|MSI 990FXA-GD80 AM3+ Motherboard|
|Reviews - Featured Reviews: Motherboards|
|Written by David Ramsey|
|Wednesday, 19 October 2011|
Page 6 of 17
Motherboard Testing Methodology
AMD got their 9-series chipsets out months before the Bulldozer processors that were their reason for existing, so vendors have had some time to tweak things...for Phenom II and lower processors, that is. Like most other vendors, MSI introduced a BIOS ugprade when the Bulldozer chips actually became available, and I updated the board before beginning any tests.
For comparison purposes I used an ASUS Crosshair V Formula motherboard (supplied by AMD with their review FX-8150 Bulldozer CPUs), as well as an ASUS P8Z68-V Pro motherboard running an Intel Core i5 2500K processor. I also threw in a previous-generation AMD Phenom II X6 1100T. All test systems used the same memory, video card, and hard drive. The memory frequency was set to the maximum officially supported by each system: 1333MHz for the Intel system and 1866MHz for the two AMD systems.
For overclocking, I simply increased the FX-8150 base multiplier and tweaked the voltage until I reached the highest setting at which the system could complete the SPECapc Lightwave benchmark. I've found this to be the best predictor of system stability: overclocks that will run under other stress tests for hours will crash in minutes under SPECapc Lightwave. In my test of the FX-8150 CPU, I only overclocked the ASUS motherboard, since that was what AMD had supplied. I was able to reach a stable 4.8GHz, but with the MSI board I could only get to 4.6GHz. 4.7GHz would run for quite a while before crashing, and 4.8 frequently wouldn't complete a boot into Windows 7, even when I raised the CPU voltage to 1.5 volts. This is a little surprising since pure multiplier overclocking isolates most of the other board components (i.e. it doesn't depend on the chipset or RAM or anything else to be able to overclock as well). I suspect the problem might be in the power circuitry: although the MSI board does have an 8-phase power system, it lacks the fine adjustments (load-line calibration and such) that the ASUS board has. The ASUS board also has an extra 4-pin EPS-12V connector in addition to its 8-pin connector, both of which I used in my ASUS overclocking tests and which might have afforded it an advantage.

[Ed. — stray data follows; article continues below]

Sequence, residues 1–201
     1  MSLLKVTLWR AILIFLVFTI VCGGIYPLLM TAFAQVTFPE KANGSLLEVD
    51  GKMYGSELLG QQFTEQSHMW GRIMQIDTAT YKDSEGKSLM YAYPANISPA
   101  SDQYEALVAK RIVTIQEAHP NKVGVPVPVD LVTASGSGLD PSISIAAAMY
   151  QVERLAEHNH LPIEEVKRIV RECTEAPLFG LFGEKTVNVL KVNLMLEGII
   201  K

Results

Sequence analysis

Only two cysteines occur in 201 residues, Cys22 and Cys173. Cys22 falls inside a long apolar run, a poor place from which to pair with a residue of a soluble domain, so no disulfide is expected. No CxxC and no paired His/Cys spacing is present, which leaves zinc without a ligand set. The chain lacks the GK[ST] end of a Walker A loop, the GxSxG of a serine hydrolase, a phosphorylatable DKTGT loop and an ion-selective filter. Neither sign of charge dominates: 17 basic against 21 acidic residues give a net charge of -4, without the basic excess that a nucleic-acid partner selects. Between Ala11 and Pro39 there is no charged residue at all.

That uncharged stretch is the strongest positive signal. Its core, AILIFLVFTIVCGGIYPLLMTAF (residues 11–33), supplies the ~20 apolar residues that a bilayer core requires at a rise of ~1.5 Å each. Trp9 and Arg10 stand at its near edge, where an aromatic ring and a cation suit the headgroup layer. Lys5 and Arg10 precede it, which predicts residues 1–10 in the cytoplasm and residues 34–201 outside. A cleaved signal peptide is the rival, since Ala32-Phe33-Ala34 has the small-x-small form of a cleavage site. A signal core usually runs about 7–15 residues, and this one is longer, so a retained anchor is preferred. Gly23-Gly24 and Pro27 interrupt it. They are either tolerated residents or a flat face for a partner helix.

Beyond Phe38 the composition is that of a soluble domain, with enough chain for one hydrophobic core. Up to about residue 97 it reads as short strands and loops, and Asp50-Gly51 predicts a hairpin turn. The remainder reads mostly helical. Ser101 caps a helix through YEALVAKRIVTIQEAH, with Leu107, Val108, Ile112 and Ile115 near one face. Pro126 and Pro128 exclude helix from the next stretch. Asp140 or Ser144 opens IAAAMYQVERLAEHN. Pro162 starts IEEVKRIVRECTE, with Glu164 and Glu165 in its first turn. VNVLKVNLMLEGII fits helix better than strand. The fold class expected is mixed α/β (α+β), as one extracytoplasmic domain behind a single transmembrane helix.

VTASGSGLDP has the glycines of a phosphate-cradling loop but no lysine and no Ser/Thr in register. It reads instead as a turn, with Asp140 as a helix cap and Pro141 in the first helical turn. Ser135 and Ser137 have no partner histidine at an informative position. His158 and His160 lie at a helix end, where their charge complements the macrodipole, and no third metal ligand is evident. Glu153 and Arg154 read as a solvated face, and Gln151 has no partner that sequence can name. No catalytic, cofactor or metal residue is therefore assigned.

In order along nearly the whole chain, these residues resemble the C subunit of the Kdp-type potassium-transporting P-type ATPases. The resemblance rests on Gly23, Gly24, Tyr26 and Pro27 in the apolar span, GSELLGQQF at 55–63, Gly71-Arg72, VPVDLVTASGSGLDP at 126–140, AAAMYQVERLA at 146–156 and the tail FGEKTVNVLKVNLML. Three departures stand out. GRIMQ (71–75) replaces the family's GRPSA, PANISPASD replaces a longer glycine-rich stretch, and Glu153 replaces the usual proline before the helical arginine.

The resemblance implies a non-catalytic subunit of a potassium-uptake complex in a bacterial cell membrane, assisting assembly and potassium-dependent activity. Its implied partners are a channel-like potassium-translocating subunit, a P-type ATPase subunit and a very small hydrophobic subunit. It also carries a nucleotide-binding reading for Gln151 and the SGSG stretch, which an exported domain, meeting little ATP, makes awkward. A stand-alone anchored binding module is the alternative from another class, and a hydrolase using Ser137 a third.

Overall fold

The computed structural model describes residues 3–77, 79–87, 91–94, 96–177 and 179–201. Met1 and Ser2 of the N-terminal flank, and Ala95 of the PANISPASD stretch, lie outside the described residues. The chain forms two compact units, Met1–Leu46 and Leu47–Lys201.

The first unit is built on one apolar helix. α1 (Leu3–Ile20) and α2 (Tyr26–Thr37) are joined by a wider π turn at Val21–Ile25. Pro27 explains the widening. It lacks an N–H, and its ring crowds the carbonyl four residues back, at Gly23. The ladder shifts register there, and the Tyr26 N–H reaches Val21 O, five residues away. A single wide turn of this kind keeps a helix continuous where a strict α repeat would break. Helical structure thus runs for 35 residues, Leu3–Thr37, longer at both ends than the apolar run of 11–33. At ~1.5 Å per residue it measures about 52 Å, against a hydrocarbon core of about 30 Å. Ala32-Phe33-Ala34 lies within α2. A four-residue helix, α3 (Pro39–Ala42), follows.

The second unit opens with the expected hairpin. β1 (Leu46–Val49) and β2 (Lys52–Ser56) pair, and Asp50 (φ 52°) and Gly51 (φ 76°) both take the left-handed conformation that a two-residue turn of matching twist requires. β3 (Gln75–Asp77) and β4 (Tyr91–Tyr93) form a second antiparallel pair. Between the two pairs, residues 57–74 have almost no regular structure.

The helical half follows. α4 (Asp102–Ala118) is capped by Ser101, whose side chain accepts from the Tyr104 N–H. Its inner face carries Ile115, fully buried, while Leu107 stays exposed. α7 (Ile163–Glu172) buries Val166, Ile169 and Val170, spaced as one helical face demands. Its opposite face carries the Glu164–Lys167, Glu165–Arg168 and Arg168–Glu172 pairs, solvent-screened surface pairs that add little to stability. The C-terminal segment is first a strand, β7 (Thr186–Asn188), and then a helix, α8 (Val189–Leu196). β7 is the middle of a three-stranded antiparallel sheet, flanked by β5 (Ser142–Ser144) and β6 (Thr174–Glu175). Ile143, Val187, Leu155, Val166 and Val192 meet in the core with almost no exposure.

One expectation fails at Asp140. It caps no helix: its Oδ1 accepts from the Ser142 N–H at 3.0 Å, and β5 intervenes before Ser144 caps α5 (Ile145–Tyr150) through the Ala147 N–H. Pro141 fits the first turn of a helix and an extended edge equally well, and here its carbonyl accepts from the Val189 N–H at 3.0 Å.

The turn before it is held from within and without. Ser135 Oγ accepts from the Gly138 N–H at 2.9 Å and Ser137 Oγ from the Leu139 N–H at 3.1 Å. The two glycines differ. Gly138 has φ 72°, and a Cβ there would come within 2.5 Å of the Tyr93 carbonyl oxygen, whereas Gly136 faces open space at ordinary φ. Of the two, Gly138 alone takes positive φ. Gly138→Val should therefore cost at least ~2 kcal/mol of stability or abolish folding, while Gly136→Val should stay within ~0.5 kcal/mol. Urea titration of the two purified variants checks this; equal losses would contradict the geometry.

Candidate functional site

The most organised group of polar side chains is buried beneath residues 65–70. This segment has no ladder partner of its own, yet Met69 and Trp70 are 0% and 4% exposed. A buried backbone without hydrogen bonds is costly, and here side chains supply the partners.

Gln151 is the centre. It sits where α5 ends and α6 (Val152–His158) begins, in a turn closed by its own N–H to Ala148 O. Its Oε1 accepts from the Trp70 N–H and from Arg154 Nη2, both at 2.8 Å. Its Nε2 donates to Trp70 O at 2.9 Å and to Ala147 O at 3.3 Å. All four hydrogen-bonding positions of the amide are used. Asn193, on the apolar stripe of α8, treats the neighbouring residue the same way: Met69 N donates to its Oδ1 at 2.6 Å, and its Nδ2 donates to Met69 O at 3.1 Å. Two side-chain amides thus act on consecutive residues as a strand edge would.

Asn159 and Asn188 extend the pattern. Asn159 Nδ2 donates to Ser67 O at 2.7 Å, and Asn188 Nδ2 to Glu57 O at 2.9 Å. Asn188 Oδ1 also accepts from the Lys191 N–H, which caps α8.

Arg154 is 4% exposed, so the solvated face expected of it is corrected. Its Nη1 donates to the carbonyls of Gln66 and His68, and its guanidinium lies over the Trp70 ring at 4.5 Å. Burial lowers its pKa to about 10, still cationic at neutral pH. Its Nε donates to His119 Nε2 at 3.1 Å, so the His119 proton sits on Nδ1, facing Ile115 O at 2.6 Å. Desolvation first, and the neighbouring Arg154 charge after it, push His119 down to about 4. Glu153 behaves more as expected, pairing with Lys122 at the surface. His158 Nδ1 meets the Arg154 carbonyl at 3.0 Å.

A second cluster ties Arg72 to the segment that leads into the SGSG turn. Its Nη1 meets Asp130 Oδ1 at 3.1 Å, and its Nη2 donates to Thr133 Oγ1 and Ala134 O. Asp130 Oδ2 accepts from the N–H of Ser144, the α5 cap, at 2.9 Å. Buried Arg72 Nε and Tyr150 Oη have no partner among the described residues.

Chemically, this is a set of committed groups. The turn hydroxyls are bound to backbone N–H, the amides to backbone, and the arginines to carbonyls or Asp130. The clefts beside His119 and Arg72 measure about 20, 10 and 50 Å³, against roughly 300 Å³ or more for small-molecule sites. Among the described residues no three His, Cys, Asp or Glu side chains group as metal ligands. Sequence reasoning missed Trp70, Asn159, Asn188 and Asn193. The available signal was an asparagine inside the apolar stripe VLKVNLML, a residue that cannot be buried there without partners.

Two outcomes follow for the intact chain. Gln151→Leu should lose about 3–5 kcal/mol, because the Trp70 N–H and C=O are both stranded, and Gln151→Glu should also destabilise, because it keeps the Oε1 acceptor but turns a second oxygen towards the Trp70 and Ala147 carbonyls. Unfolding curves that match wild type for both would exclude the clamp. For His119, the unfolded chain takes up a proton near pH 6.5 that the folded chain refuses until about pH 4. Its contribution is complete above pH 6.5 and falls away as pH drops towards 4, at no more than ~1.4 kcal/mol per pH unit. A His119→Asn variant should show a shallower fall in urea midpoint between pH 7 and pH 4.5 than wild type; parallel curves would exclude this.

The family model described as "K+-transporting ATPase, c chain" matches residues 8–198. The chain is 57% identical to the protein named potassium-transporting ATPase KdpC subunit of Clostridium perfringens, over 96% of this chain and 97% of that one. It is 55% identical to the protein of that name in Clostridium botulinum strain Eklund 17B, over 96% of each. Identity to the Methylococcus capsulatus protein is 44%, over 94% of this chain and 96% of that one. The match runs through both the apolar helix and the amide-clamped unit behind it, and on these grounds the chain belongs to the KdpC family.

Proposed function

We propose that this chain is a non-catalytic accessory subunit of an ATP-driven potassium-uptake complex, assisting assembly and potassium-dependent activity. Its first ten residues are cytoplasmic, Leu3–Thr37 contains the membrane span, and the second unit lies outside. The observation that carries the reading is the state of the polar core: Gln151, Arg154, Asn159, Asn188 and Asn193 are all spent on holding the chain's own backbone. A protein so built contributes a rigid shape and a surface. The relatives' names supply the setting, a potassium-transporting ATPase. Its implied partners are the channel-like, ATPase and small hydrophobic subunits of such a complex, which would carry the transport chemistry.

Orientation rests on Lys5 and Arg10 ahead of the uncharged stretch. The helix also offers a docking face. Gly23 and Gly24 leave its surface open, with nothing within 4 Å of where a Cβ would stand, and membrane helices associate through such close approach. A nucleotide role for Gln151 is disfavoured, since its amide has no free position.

So here's the test lineup followed in all the charts:
Intel Z68 Test Platform
AMD 990FX Test Platforms